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In md5 computation algorithm there is a function

// decodes input (unsigned char) into output (uint4). Assumes len is a multiple of 4.
void MD5::decode(uint4 output[], const uint1 input[], size_type len)
   for (unsigned int i = 0, j = 0; j < len; i++, j += 4)
     output[i] = ((uint4)input[j]) | (((uint4)input[j+1]) << 8) |
       (((uint4)input[j+2]) << 16) | (((uint4)input[j+3]) << 24);

Why not just copy with memcpy? Is it because of possible different byte-orders on different machines?

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1 Answer 1

up vote 2 down vote accepted

Correct, it's a byte-ordering thing. It's equivalent to a straight copy on little-endian systems, but ends up reversing the byte on big-endian.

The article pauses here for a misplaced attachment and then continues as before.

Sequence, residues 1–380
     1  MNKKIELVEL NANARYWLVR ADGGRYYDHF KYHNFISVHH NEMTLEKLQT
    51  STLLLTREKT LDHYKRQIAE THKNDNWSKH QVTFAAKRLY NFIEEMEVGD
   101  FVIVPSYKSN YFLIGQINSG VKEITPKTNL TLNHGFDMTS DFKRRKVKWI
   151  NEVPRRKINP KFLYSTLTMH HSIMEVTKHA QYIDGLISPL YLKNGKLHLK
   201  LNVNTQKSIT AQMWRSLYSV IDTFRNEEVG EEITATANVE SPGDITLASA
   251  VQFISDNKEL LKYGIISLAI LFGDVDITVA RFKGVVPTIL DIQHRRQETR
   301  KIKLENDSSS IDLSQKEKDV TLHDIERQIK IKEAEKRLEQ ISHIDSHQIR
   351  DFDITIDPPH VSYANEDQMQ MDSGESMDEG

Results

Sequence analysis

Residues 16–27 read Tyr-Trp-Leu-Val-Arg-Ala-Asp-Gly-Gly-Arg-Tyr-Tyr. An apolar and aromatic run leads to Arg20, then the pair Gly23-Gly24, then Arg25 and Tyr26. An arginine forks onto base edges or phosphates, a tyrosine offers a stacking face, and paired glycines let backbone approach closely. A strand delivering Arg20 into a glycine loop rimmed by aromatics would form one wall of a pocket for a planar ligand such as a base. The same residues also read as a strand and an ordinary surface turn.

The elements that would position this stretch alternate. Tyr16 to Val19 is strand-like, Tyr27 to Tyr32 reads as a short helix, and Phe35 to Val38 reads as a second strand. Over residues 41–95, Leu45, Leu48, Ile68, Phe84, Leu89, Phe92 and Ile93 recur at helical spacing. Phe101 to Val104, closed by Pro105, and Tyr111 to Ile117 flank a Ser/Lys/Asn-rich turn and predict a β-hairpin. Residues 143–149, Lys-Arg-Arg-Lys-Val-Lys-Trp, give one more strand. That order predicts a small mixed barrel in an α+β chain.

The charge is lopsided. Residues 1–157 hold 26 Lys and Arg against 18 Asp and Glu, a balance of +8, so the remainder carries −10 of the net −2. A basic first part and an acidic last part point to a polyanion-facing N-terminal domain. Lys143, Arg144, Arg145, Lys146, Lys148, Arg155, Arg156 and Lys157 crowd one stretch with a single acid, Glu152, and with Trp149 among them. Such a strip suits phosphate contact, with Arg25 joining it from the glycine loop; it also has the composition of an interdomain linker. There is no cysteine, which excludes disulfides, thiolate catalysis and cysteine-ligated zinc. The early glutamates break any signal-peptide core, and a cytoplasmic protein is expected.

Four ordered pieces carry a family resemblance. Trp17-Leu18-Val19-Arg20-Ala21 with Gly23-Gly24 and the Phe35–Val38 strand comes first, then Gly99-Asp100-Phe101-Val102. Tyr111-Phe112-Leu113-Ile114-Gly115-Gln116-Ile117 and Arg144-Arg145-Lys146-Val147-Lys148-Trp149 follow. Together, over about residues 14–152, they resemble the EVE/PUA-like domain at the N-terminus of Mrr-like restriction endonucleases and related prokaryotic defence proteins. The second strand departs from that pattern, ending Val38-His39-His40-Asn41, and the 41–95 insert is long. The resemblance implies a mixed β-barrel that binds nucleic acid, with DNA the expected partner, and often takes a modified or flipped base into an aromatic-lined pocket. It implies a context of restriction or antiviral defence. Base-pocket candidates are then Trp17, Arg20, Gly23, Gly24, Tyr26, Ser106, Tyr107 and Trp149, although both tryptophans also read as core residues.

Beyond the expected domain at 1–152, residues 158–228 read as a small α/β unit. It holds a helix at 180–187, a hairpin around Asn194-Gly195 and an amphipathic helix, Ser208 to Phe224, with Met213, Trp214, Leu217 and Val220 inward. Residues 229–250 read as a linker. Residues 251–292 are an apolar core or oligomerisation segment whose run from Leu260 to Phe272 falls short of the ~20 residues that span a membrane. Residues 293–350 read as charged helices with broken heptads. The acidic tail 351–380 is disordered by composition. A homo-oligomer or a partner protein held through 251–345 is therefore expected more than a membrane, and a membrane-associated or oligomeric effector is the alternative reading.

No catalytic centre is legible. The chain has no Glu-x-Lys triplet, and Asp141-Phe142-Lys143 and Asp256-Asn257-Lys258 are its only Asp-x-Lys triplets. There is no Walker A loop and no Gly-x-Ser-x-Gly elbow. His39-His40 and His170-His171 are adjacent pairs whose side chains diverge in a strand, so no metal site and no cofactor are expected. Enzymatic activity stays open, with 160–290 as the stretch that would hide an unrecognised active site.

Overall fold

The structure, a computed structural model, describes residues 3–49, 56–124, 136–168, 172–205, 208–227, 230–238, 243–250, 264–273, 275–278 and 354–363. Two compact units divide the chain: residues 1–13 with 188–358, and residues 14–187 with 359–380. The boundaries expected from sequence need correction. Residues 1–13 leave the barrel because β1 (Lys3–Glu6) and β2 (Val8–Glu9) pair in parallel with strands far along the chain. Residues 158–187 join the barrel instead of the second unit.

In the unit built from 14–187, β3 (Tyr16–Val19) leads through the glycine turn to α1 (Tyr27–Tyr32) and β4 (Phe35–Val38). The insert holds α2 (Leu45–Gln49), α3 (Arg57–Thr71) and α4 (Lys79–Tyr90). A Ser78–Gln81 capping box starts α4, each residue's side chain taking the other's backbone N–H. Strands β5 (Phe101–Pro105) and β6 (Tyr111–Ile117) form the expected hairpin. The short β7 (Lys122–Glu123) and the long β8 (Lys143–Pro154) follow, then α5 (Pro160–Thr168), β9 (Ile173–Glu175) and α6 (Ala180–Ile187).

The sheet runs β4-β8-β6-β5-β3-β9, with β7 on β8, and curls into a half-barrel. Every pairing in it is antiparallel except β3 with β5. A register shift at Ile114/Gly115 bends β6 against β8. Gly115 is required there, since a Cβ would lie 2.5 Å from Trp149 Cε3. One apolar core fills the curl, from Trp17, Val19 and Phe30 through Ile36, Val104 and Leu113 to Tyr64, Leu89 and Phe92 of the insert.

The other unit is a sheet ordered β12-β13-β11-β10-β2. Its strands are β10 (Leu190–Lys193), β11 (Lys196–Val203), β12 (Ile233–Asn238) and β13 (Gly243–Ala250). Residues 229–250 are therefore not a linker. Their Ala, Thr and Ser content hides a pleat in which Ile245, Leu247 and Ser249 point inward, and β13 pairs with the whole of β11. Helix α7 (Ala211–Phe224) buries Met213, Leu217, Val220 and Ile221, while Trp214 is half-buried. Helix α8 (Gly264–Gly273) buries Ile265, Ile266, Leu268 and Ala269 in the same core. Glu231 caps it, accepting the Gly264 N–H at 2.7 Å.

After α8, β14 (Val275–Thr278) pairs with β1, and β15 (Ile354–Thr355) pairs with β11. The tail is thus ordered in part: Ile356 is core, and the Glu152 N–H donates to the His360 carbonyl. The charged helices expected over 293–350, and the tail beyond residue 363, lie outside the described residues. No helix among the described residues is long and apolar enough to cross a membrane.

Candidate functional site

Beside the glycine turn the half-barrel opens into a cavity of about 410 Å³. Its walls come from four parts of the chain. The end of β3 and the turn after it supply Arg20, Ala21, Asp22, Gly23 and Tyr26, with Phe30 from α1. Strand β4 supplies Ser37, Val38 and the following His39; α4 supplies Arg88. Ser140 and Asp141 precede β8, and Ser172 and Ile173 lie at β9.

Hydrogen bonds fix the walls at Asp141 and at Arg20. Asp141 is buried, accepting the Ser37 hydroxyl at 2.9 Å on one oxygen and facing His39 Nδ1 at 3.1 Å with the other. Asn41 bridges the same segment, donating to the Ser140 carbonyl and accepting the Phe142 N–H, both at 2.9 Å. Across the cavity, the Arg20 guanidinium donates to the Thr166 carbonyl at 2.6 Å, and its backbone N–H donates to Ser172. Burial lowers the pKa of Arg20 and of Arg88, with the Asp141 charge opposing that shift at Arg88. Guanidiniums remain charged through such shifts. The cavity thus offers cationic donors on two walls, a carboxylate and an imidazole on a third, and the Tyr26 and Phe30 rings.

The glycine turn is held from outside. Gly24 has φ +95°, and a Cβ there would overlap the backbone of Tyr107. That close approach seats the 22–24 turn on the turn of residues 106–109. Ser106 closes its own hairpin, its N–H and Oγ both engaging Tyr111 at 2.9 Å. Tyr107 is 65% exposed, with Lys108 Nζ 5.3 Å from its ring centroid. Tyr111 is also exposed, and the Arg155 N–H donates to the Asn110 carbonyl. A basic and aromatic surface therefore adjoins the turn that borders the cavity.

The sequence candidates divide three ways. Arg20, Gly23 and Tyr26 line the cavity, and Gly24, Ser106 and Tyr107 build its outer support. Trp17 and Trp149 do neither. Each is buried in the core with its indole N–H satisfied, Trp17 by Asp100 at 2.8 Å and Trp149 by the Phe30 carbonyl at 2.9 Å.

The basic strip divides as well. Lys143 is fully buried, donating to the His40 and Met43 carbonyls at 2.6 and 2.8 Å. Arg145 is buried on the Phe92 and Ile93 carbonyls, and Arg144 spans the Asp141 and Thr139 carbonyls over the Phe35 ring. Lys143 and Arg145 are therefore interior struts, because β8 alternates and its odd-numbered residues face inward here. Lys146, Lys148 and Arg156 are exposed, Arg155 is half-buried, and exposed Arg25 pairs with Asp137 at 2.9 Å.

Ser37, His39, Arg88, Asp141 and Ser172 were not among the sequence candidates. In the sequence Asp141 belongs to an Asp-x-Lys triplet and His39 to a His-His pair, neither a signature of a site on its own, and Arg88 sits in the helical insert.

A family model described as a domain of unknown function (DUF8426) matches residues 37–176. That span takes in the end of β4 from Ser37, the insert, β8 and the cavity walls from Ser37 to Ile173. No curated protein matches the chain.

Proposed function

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i.e. when compiling for Linux/Win both on x86 and x64 I can define call to memecpy instead of this function to speedup computation (if it will speedup)? –  flashnik Dec 17 '12 at 5:33
With any competent optimizing compiler, it won't make any difference at all. But yes, you could. –  duskwuff Dec 17 '12 at 5:46

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